“If only you can understand what it means to me. I did it! This year, I break everything in my mind. I’m here feeling good,” said Adenike Oyetunde, an on-air-personality, after getting to the peak of Olumo Rock with a leg and half.

At 20, she was diagnosed with Osteogenic Sarcoma, a cancerous condition that culminated in the amputation of her leg.

It sent her world crashing but with strength from within, she faced each day with great fervour and increased zeal to do all things seemingly impossible for one in her condition.

Today, Adenike, serves as a source of inspiration: that impossible is not possible, that anything can be done if, first, the mind believes it possible.

On Saturday, the Nigeria Info OAP and lawyer joined Social Prefect Tours to travel to Abeokuta, Ogun state, with one goal in mind – to successfully climb the historic Olumo Rock, a feat many with two perfect legs cannot complete.

But she achieved her objective – at the same time giving many the hope to embark on herculean ventures, just as she did when she beat cancer many years ago.

THE JOURNEY TO AMPUTATION

The Queens College alumni, in an interview with BellaNaija in 2012, described the events that led up to her amputation.

“While I was at Uni, I came home for weekends and on one of those weekends, a tanker came to supply water. So I brought out water barrels for the water and when I was almost done, I slipped and landed on my right knee. The pain that shot up my body was so excruciating I screamed for help. My dad ran to help me up. The pain subsided after a little while because I took a couple of painkillers and then I went back to school. When I got back to school, the pain came back and I had to come back home. The doctors said I had a blood clot due to the fall and they had to drain out the limb. I went back to school but my condition kept deteriorating. Another x-ray revealed that the clot was still there and at this point I was referred to the National Orthopedic Hospital, Igbobi.”

While at Igbobi, she was informed of the malignant bone tumor and was told that she’d have to lose her right leg in order to save her life.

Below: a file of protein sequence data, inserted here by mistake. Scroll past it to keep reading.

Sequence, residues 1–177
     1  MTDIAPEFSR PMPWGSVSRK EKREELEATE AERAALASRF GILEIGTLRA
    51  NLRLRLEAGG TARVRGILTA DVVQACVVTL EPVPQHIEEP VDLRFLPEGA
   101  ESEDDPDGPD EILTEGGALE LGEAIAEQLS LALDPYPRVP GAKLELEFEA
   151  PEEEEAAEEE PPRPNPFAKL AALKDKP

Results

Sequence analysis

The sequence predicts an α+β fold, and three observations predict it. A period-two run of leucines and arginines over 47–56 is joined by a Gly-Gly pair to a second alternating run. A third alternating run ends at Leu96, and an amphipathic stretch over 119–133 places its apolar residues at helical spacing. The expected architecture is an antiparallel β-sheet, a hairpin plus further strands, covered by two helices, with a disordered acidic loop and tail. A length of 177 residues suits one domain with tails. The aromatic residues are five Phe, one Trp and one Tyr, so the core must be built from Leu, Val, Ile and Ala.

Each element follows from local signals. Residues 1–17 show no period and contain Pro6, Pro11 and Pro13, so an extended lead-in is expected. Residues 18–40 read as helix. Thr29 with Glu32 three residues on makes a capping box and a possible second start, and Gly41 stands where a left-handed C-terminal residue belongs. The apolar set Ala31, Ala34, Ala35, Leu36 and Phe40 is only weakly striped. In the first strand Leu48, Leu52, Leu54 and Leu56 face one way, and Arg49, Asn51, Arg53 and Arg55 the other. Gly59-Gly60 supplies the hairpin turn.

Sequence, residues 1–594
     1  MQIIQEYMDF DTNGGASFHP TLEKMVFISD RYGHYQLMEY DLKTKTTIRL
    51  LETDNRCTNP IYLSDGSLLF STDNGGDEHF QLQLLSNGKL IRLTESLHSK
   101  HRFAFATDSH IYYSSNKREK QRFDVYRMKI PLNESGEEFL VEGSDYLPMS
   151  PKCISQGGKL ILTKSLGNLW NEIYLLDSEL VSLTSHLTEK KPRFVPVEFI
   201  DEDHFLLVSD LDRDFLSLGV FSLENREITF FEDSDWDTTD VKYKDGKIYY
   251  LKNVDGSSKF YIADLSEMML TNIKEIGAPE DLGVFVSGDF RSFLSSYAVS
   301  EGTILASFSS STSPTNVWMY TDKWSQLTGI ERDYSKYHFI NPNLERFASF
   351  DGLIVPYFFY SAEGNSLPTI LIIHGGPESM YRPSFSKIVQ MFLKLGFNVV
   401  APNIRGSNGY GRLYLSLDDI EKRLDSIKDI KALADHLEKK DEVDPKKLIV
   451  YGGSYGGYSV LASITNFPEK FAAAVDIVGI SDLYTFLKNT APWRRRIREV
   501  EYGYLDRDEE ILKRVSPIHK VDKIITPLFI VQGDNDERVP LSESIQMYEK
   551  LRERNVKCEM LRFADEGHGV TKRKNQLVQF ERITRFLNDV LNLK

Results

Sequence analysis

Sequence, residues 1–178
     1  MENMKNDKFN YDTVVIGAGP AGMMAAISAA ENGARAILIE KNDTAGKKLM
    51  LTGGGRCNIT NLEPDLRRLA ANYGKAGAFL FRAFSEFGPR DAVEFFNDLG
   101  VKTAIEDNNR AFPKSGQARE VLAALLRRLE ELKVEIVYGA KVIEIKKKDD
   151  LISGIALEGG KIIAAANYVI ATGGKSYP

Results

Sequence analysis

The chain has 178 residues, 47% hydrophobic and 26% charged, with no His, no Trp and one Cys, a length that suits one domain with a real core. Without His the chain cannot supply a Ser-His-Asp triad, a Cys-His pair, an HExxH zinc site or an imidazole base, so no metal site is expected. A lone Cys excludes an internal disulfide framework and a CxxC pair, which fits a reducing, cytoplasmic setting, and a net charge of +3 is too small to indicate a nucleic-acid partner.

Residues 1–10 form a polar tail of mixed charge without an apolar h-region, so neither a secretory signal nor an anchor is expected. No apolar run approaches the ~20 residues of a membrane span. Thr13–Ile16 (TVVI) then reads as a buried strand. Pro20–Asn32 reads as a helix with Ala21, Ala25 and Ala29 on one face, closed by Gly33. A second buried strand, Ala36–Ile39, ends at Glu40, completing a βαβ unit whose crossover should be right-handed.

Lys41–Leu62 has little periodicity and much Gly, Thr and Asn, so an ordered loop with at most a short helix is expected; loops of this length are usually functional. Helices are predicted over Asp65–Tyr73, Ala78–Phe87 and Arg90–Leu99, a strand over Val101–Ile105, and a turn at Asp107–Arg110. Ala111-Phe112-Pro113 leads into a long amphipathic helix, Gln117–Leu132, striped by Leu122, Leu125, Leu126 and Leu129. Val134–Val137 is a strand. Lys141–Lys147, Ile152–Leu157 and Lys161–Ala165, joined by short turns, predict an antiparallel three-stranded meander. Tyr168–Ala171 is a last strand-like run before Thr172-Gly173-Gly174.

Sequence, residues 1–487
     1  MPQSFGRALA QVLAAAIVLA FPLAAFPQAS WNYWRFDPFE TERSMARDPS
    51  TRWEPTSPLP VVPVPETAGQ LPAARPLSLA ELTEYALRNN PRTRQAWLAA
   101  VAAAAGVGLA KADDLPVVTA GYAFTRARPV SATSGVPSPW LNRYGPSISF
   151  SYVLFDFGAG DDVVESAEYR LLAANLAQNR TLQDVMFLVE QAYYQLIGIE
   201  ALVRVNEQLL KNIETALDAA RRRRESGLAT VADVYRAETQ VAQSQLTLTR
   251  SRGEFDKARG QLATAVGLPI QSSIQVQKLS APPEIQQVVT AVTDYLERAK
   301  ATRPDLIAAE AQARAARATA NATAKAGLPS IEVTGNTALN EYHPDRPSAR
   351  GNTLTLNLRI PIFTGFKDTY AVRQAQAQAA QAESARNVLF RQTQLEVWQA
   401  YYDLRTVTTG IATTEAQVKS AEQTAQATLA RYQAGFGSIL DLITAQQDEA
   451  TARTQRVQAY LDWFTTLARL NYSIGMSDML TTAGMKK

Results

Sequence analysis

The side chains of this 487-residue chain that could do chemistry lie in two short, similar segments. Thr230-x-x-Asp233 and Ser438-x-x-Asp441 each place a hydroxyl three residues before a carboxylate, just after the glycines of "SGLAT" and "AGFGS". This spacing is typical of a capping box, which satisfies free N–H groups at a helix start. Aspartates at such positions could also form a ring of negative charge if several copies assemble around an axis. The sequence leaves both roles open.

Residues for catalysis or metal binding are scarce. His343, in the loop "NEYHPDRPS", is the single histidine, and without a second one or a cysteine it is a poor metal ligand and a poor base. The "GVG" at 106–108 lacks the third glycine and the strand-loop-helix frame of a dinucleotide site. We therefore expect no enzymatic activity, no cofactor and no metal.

At the time, she was in her second year at Olabisi Onabanjo University, Ago-Iwoye, Ogun state.

According to Adenike, a doctor broke the news to her without an iota of empathy or sympathy.

The doctor, she said, wanted to carry out the surgery as soon as possible.

“He had broken the news to me on a weekday and was planning to book me for a surgery a few days later. I was confused and in my mind the doctor didn’t know what he was saying because if he did he wouldn’t have said it in such a harsh manner,” she said.

That she was to lose her leg shattered Adenike’s father, whom she said, “wept uncontrollably”.

“It took me over about six months of excruciating pains, agony and other medical opinion before I finally agreed to the initial diagnosis. I couldn’t accept the diagnosis. I even tried the trado-medical route. I guess I was in the denial phase at this point. Nothing worked.”

SAVING LIVES THROUGH AMPUTEES UNITED

Eleven years since she lost her right limb to cancer, Adenike has made more than the best of her situation.

Along the line, she has inspired thousands, raised many and given some the lift they desperately needed – through Amputees United, which she founded to raise funds and provide support to amputees.

Like Kyle Maynard, who climbed Mount Kilimanjaro with no arms and legs, and Arunima Sinha, an amputee who reached the summit of Mount Everest, Adenike is a treasure chest of inspiration to all and sundry.



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